Arsenal were coming off the back of a 1-1 Premier League draw with Wolves in which Unai Emery described Arsenal’s performance as being a “bad result, but tactically it worked how we wanted”. A bizarre comment given that Wolves registered 25 shots compared to Arsenal’s 10. Despite this, a point against Wolves was still not a bad result considering the strength of Nuno Espírito Santo’s side, however more would be expected against Vitoria.
Arsenal took on Vitoria in the Europa League and badly needed to put in a performance showing unity, desire, and commitment to their under-fire manager. Vitoria came into the fixture in poor form themselves. They currently sit 11th in the Primeira Liga and bottom in the group with 0 points in 3 matches. Arsenal were top after 3 games with the maximum 9 points.
Arsenal went with a rotated side aiming to give minutes to the likes Martinez, Willock, Tierney, Martinelli, and Saka. The quality came from Pepe, Ceballos, and Holding in the Arsenal eleven.
Arsenal’s 3-4-3 had been designed to cultivate lots of possession for Arsenal in an attempt to create long sustained periods of pressure on the Vitoria goal. Arsenal could theoretically create triangles and diamonds across the pitch, which allowed them to move the ball quickly with the aim of playing diagonal passes to open up the Vitoria defence. Arsenal had 63% of possession and completed 88% of their 585 passes.
Vitoria did a fantastic job at channelling most of Arsenal’s 585 passes out into wide areas where they allowed them to cross from. Vitoria didn’t want to go out and meet Arsenal’s wing-backs and compromise the space between their own full-back and centre-half. They decided that it would be better to deny the half-space to Arsenal and defend the cross with their central defenders. Arsenal only had one player who was 6ft or higher in height in the attacking three and that was Pepe. Pepe is not known for his heading ability and Vitoria must have fancied their chances at defending these crosses.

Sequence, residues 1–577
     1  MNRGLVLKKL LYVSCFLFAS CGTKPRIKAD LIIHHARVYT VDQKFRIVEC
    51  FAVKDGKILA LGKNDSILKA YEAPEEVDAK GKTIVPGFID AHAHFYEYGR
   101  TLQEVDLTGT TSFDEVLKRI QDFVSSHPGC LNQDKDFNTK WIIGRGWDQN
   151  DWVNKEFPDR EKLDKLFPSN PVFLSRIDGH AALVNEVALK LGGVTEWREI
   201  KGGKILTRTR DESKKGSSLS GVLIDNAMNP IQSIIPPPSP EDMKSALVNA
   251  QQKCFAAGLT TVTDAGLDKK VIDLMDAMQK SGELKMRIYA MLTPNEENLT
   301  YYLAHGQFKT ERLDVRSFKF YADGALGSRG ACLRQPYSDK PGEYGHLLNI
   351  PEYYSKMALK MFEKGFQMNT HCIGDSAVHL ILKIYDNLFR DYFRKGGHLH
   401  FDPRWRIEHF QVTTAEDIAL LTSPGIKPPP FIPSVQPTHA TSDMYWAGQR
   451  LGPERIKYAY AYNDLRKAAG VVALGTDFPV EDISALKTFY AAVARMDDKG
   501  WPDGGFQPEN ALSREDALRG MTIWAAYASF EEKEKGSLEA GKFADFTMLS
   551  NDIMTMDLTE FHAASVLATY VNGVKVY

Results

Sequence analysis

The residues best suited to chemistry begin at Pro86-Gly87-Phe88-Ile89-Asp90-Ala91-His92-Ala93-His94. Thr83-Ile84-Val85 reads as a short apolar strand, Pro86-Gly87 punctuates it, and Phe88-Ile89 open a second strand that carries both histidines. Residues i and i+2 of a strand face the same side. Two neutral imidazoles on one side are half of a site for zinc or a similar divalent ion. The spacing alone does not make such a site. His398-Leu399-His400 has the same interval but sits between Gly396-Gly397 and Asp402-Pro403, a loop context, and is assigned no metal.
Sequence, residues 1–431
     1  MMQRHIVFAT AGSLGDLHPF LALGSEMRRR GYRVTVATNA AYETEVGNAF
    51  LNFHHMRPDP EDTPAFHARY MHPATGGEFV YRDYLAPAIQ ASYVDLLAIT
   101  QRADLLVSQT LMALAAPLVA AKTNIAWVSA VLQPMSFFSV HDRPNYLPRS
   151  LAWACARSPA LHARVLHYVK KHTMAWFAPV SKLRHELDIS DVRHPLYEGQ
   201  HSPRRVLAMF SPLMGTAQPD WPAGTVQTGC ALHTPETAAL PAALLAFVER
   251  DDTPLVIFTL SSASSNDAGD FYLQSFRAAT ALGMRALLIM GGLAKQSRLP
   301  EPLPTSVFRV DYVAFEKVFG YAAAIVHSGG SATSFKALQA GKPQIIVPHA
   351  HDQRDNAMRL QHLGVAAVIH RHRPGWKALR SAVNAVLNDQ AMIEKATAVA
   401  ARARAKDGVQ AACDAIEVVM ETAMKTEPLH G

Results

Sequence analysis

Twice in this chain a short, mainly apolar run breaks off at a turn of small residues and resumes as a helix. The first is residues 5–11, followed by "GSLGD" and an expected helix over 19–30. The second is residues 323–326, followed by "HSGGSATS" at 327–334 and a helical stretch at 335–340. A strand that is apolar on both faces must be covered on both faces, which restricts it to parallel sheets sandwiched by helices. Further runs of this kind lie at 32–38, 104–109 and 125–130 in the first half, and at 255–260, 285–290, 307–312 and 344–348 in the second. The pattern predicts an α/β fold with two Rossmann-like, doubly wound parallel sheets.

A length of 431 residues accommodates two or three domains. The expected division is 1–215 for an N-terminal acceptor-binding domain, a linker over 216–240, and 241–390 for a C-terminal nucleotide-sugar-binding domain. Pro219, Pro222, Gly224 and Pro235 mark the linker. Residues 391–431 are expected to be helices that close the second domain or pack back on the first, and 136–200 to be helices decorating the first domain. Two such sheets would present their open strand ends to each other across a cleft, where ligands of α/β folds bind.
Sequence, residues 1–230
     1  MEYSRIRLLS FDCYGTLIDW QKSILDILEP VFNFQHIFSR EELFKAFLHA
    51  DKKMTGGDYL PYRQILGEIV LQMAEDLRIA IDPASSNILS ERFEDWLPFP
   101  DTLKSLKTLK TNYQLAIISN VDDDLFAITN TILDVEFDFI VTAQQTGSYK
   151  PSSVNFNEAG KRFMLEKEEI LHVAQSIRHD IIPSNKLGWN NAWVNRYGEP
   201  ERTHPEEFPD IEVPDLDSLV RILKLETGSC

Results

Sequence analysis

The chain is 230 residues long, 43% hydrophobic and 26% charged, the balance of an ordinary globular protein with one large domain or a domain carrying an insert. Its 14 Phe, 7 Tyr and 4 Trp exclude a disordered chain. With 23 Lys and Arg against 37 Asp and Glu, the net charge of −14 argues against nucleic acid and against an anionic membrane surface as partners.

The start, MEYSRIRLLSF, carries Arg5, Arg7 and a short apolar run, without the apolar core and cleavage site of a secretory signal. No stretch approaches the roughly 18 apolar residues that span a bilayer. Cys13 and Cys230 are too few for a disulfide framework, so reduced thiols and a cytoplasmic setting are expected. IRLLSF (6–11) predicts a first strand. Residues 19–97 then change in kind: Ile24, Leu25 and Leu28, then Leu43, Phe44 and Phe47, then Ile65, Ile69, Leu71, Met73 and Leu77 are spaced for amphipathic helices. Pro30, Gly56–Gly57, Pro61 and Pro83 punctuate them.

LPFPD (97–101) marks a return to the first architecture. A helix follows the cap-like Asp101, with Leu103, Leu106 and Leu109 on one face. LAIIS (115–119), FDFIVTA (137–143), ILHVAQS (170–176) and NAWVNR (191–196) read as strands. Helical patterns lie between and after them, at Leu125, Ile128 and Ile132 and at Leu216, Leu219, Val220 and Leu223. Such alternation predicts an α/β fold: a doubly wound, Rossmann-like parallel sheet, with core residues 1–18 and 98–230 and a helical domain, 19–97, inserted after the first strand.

Willock and Ceballos
As you can see from Ceballos and Willock’s pass maps below, they only gave the ball away 7 times and successfully played 85 passes. They only played 7 key passes between them in the entire match, and they all came in the wide positions. Arsenal really needed a player who could try these riskier passes which could present them with a better opportunity. They tried to create numerical superiority in the wide positions with Saka and Pepe combining with the wing-backs and midfielders in the half-spaces to create 3 v 2 situations.
Vitoria set up to sit back in a low defensive block and allowed Arsenal to have the ball in front of them. They set up to counter-attack whenever they could using Bruno Duarte’s physicality to hold the ball up and beat the counter-press. They recovered the ball 37 times in a low block, 31 times in a medium block, and 16 times in a high block pressing up the pitch. Vitoria successfully countered 3 times during the match with 1 shot resulting in these counter-attacks. They also won 53% of their 225 challenges in the game, with Arsenal winning 44% of their 225 challenges. Vitoria won more challenges because they were set up to defend and this means they were forced to make more challenges that they had to win.
Vitoria’s midfielders used their cover shadow to deny Arsenal the opportunity to play through them and forced them out wide. This would allow them to kill the space in between the lines and prevent Arsenal finding Pepe, Saka, and Martinelli.